Cyberattacks on hospitals become an urgent issue amid record COVID-19 totals


dmchannelsng | Pixabay

Rachel Dalloo

As coronavirus cases continue to increase across the nation, the number of cyberattacks targeted towards hospitals and healthcare institutions have also increased, causing dangerous disruptions to services that patients are receiving.

Hackers are targeting the health care industry for ransom payments in the million dollar range. Government officials have stated that hackers are also seeking to take control of data from patients.

The hackers are supposedly the same Russian influencers who many officials fear had something to do with the outside interference in the 2020 general election. Hospitals within New York State and some on the West Coast recently reported cyberattacks, but expressed that those who are in critical condition were not affected, according to The New York Times.

The FBI said in a statement they have collected enough credible information to prove the cyberthreats against hospitals and health care providers in the United States. Some hackers attempted to steal confidential information from patients and interrupt services.

There are approximately five U.S. hospitals that have already been affected and possibly more hospital and health care centers that could potentially be targeted, according to the Associated Press. Additionally, four health care institutions have been victims of ransomware. Some of the institutions that have been affected by the cyberattacks are the St. Lawrence Health System in upstate New York and the Sky Lakes Medical Center in Klamath Falls, Oregon.

The Sky Lakes Medical center reassured that they had no evidence that patient care and confidentiality had been compromised, and that their emergency center and urgent care is open and available to visitors who are injured. The St. Lawrence Health System also noted that no data from their employees seemed to have been tampered with.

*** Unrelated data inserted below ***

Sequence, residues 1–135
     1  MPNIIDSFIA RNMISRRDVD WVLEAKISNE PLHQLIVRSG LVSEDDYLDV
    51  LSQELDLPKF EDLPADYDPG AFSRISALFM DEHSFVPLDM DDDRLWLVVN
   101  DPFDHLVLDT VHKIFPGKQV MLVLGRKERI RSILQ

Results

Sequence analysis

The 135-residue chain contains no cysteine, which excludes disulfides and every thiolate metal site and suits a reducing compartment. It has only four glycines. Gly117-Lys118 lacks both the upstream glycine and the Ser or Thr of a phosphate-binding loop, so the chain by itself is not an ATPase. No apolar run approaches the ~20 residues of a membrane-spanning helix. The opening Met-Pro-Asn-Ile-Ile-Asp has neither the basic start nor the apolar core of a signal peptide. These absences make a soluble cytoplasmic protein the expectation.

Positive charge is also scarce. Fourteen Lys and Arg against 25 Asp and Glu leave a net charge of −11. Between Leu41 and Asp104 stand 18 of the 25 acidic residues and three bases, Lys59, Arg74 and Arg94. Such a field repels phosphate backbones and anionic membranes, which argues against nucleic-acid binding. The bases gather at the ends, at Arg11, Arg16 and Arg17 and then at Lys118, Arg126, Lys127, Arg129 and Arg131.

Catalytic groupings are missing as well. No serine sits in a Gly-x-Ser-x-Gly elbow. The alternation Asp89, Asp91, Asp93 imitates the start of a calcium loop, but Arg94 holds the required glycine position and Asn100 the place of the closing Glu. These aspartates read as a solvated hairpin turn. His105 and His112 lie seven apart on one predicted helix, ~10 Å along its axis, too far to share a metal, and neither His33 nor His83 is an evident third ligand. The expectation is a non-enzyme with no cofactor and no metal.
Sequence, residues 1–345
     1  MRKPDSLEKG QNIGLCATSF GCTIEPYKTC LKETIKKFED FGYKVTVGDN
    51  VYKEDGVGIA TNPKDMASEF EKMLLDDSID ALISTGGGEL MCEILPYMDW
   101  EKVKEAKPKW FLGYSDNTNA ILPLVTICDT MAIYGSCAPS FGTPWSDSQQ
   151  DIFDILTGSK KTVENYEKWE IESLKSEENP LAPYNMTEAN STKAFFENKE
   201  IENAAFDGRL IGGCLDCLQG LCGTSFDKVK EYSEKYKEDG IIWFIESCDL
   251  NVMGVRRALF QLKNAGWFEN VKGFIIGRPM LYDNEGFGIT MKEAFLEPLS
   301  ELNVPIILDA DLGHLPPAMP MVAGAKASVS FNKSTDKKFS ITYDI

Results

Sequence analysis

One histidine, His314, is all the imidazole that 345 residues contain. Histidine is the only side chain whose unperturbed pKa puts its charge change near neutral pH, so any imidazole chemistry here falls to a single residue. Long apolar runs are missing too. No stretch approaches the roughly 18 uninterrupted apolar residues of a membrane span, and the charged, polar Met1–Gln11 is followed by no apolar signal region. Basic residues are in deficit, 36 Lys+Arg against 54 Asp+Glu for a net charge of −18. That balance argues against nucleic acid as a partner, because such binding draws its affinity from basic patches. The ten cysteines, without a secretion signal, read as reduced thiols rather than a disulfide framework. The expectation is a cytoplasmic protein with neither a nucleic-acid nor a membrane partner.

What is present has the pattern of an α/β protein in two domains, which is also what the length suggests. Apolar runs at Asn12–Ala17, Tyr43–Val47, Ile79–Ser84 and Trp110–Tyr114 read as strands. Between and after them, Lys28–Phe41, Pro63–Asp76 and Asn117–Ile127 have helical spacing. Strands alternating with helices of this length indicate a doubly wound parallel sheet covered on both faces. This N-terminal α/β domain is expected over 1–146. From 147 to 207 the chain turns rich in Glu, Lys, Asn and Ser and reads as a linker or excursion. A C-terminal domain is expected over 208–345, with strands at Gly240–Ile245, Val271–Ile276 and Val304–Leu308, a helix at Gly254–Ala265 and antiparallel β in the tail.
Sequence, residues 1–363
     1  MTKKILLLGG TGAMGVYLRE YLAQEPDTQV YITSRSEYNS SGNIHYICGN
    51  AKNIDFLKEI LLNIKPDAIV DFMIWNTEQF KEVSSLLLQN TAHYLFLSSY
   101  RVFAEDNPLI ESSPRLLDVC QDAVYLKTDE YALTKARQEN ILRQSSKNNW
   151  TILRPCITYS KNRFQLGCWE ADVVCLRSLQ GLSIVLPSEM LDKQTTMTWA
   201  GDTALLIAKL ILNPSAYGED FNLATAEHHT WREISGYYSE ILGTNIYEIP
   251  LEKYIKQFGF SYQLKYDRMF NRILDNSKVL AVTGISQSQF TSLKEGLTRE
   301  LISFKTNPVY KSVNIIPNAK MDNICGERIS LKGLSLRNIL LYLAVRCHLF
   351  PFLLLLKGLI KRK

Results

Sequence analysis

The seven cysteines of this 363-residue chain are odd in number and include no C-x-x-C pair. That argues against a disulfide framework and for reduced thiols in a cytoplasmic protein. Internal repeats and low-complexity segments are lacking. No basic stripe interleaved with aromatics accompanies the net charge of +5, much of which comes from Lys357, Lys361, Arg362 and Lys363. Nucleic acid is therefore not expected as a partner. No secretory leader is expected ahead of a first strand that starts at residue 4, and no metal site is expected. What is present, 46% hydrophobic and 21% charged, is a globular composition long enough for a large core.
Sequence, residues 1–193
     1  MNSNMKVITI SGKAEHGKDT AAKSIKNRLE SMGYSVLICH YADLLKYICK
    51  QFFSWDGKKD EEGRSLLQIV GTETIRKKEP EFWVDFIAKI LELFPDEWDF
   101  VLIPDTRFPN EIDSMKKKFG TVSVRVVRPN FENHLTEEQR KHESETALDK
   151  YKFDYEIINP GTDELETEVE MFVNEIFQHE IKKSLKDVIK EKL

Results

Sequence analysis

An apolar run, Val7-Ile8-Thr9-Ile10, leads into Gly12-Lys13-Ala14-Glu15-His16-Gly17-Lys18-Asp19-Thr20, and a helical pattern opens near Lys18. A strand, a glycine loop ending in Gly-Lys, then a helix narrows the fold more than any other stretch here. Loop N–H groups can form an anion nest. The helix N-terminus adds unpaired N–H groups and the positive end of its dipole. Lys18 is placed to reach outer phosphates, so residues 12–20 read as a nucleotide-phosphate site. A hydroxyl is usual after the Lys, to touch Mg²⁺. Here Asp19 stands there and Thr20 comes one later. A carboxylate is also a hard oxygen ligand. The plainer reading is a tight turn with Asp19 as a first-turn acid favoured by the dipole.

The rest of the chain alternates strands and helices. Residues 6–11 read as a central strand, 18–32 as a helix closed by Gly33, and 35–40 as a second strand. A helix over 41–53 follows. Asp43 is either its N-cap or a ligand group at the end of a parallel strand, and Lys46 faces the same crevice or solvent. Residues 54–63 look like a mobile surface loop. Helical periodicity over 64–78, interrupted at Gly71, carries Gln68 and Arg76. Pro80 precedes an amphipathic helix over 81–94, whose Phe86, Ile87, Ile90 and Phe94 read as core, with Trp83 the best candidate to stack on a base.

Many agencies stated that the hackers are currently using a ransomware called “Ryuk.” This network is a malicious software that encrypts data and keeps it stored away. Ryuk is similar to the commonly known malware “Trickbot,” which infects computers in order to steal classified data, disrupt health care services and rob money from health care facilities. The hijacking of information often cripples the online platforms many organizations use, forcing them to pay millions of dollars in order to restore their services back to normal.

Agencies within the FBI have advised that healthcare workers ensure their software systems are regularly updated, back up information and make sure to monitor who is granted access to certain programs through their systems. The FBI said that the ransomware attacks have been increasing for several years, specifically against hospitals, schools, state and local governments and law enforcement.

One tip officials have stated to the general public is not to pay ransoms. It will not help to retrieve any data that has been stolen by the hackers. If any money is paid to these hackers, it could assist them in carrying out future attacks, according to the NPR.